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Local Boys pride themselves in local freshness and quality
[November 21, 2012]

Local Boys pride themselves in local freshness and quality

Nov 21, 2012 (Kitsap Sun - McClatchy-Tribune Information Services via COMTEX) -- Nothing beats the snappy crunch of a fresh apple, the sweet taste of a juicy melon or the ripened goodness of a just-picked berry. To get any of the above along with plenty of other fresh produce, dairy and more -- nothing beats Local Boys Fruit and Produce, located at 6702 Tyee Drive, near the Bridgeway Market on the corner of Purdy Drive and Highway 302, just before the Purdy Spit bridge.

The produce stand, operated by father and son, Robert and Trevor Jones respectively, of Gig Harbor, has been a mainstay on the peninsula for the past 10 years -- the first seven with a tent upon a 20-foot by 30-foot swath of pavement closer to the road than their now permanent stand.

Three years ago they remodeled an existing building to look like a tent, with an open feel, but with a much bigger footprint of 4,500 square feet inside and out.

And they utilize just about every square inch. From floor to eye height (and sometimes higher) are displays filled with fresh fruit and vegetables, custom-made chips and salsa -- there's always an open bag for sampling, jams and jellies, wine, eggs and milk -- all of it farm fresh and guaranteed local.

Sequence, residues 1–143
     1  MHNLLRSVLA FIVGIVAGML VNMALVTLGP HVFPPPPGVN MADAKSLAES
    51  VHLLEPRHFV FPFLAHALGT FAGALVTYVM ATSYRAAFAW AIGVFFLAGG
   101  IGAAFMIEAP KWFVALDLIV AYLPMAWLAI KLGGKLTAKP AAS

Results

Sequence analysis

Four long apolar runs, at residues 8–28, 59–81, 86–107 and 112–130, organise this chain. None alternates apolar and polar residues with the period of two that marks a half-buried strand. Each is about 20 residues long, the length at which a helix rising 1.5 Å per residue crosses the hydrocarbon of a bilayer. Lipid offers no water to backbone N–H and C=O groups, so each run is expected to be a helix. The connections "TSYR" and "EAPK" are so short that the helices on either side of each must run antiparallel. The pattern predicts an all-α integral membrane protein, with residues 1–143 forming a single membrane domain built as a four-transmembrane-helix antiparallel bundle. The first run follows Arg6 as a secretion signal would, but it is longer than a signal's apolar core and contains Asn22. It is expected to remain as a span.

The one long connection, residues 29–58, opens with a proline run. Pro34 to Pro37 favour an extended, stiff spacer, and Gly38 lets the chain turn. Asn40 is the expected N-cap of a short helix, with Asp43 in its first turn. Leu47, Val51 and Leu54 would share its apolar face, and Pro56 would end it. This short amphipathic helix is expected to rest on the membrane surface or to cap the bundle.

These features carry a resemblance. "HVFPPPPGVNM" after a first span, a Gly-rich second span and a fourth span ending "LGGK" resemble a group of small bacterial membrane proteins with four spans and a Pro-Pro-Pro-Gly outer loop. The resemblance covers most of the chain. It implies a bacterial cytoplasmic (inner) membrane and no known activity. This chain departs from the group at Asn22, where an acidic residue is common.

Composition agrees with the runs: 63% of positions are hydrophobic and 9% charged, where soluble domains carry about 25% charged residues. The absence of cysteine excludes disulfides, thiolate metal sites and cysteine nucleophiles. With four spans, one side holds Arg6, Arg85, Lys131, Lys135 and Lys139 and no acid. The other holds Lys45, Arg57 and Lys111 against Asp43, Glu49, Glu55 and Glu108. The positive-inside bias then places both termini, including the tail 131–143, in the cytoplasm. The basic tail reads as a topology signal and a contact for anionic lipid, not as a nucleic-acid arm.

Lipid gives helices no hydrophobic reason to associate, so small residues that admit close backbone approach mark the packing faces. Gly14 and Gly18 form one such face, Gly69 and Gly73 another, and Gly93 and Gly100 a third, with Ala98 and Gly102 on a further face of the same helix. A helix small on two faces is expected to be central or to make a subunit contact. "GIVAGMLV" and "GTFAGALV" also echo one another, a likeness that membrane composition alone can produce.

Moving from a tent to a building made for a number of improvements. "It's a little easier to set up," Trevor said, noting that with the tent, they had to set up and take down everything every day. The change also allowed them to bring in a freezer and cooler that expanded their line of products.

The permanent facility also has given them the opportunity to expand through the addition of other services, such as Ray's Meats, an on-site butcher. The duo plans to have a fresh fish market in place by spring, Robert said. "We'll sell fresh fish caught that day. What can beat that " The plan is to sell a variety of seafood including salmon, crab, oysters and shrimp.

Robert estimates they work with between 50 and 60 local farmers and vendors to provide the best possible products for their customers.

"We play a trick on our customers," Robert smiled. "We give them the best, but they've got to come back." The best includes a number of trademarked products, such as Orange Creamcicle melons (Local Boys is the only place you can find it in the state), Mahogany cherries, Perfect peaches, Unbelievable corn and Vanilla Ice melons.

"You put your name on the line when you put your name on (the product)," Trevor said. He added they sold 33 tons of the Orange Creamcicle melons this year. "That kind of dumbfounds us when we look at that." When raspberries are in season, they have flats delivered literally on an hourly basis.

"Our fruit and produce is brought in every day," Trevor said. "They don't arrive in a semi cooler. It's from the farm to us." They also work with small farms across Pierce County to sell raw milk and fresh eggs. Other farmers provide rhubarb, heirloom tomatoes, basil and lettuce.

Along with the produce, they put their name on custom jams and jellies, tortilla chips and salsa, syrups and wines. Given the shelf life of these products, they are popular for shipping all across the country, Robert said.